2014 Senate Predictions
Republicans appear to be poised to win control of the Senate next week, but there are still enough close races where the Democratic and independent candidates have a chance of winning that a takeover remains uncertain. A lack of Democratic enthusiasm, weak presidential approval ratings, and a more Republican-friendly electorate all make a Republican Senate majority more likely than not. However, Republicans have underperformed in Senate races in the last two elections and could do the same thing again. The wild cards this year are Kansas and South Dakota, where independent candidates have a chance to upset the incumbent or play a spoiler role, and which party they will ultimately align with could depend on how all of the other races turn out. Here are my predictions for the Senate races this year.
Colorado: Largely thanks to his own missteps, incumbent Democratic Sen. Mark Udall has taken what should have been a reasonably secure seat and turned it into an extra Republican pick-up. By running a campaign strangely preoccupied with social issues, Udall has managed to fritter away the advantages of his famous Western political family name and his mostly admirable record on foreign policy and civil liberties. That has helped to give his opponent, Cory Cardner, a small but consistent lead in the polls. Udall made a serious mistake in approaching a midterm election as if the electorate would be the same as the one that Obama faced in 2012, and that is one important reason why he is losing this race. Result: Republican pick-up.
North Carolina: Incumbent Democratic Sen. Kay Hagan has managed to stay just ahead of North Carolina House speaker Thom Tillis, and she seems to be benefiting from a backlash against Tillis’ record in the state legislature. My guess is that Hagan will be able to eke out a narrow win, but if there is a surprise on Tuesday night this might be where it happens. Result: Democratic hold.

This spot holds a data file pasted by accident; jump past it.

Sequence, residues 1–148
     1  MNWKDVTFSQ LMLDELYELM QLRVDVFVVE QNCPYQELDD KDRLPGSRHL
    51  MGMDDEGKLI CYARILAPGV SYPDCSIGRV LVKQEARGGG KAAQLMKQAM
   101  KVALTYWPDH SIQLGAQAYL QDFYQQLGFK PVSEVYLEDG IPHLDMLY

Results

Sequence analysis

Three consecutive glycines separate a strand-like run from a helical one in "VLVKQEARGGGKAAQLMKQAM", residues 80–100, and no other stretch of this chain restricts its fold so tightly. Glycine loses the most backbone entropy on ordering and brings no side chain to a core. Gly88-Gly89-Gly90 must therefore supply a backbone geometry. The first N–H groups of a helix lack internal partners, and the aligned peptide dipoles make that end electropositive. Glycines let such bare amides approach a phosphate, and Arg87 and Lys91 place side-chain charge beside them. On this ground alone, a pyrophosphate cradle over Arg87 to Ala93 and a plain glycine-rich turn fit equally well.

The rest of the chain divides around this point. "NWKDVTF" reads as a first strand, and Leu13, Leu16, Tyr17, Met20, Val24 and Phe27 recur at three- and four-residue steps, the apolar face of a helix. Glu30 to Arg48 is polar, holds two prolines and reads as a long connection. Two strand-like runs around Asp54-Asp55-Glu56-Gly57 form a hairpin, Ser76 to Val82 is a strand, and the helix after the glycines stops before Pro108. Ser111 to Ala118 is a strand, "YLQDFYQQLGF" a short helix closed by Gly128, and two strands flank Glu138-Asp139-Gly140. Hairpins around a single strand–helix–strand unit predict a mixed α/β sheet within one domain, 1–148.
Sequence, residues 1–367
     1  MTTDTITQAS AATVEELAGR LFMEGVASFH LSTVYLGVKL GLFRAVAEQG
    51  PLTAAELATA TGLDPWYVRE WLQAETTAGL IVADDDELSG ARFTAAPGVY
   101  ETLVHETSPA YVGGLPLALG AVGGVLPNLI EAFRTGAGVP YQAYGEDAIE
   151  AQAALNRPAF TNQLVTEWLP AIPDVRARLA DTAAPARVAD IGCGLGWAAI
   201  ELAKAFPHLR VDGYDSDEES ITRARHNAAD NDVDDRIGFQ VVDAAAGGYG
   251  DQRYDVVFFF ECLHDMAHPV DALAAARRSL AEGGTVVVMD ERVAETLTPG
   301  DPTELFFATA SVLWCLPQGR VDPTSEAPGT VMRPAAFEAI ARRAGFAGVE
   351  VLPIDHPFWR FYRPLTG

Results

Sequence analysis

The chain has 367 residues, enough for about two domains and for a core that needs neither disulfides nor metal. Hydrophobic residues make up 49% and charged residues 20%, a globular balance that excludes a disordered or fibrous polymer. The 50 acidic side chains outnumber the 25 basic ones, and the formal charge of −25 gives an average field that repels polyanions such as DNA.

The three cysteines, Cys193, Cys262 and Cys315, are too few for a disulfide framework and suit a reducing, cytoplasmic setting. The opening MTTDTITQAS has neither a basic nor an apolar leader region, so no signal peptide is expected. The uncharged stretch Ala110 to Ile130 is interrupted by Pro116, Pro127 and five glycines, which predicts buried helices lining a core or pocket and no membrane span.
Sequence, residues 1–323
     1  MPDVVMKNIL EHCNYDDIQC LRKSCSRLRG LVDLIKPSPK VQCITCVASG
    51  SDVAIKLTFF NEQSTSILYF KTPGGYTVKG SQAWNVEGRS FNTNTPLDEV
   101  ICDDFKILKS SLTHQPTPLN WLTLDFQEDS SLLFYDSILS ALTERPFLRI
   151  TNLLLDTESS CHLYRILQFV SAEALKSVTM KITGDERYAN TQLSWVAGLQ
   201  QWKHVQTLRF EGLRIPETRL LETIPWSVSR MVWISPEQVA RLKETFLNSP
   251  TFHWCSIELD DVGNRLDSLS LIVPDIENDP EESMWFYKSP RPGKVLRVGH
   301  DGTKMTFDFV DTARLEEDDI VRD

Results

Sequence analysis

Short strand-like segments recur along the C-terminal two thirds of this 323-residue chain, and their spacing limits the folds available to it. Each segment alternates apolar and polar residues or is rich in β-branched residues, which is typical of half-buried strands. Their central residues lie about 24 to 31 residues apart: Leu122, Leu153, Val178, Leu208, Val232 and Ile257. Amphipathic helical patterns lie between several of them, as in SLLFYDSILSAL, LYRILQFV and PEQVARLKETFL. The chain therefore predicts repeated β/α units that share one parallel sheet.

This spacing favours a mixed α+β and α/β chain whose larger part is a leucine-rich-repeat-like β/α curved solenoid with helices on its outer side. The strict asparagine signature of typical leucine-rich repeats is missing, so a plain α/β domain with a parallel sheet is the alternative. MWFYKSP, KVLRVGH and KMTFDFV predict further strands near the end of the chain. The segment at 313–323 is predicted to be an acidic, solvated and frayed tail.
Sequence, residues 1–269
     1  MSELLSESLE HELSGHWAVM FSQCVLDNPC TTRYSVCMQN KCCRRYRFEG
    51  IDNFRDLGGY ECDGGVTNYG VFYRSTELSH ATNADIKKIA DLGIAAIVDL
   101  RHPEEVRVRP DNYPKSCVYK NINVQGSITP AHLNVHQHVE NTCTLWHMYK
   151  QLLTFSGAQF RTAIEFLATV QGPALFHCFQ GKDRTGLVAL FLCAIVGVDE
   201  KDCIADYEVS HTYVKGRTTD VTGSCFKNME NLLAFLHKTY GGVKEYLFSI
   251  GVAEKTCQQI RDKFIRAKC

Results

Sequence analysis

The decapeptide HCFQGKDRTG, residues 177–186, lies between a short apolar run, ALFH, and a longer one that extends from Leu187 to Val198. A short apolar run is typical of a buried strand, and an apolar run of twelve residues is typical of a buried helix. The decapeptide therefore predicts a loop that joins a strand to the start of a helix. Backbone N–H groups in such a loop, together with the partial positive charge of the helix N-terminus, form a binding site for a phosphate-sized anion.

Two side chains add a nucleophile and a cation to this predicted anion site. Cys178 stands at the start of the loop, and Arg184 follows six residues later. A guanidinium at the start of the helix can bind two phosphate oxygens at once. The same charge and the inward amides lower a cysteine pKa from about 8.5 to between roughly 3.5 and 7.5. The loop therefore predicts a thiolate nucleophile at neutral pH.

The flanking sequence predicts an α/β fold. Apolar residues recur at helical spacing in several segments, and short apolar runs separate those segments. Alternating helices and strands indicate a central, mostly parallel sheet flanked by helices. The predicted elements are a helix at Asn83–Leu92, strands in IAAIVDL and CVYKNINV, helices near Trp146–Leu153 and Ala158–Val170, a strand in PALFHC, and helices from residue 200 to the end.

Georgia: The race to replace retiring Republican Sen. Saxby Chambliss is one of the more interesting and notable contests this year, pitting Michelle Nunn, daughter of former Sen. Sam Nunn, against David Perdue. Changing demographics in Georgia and a competent campaign by Nunn (with the added benefit of the connection to her father) have made what has normally been a very safe Republican seat a toss-up. Nunn has used Perdue’s recent remarks boasting of his pride in outsourcing to great effect, and if Georgia votes for Nunn next week it will have a lot to do with the Republican candidate’s tone-deafness on economic issues. The hitch in this race is that Georgia requires the winner to receive more than 50% of the vote, so there will probably have to be a run-off in January, and that is more likely to hurt Nunn’s chances of becoming senator. Result: Nunn wins next week, but loses in January, so Republican hold.
Arkansas: Sen. Mark Pryor was staying even with Rep. Tom Cotton over the summer, and in some polls even held the lead for a short time, but gradually the sheer unpopularity of the president and Pryor’s own missteps have managed to give the decidedly uncharismatic Cotton a significant and growing lead. Despite his underwhelming campaign performance, Cotton will be going to the Senate to add another member to the chamber’s already large group of extremely aggressive foreign policy hawks. Result: Republican pick-up.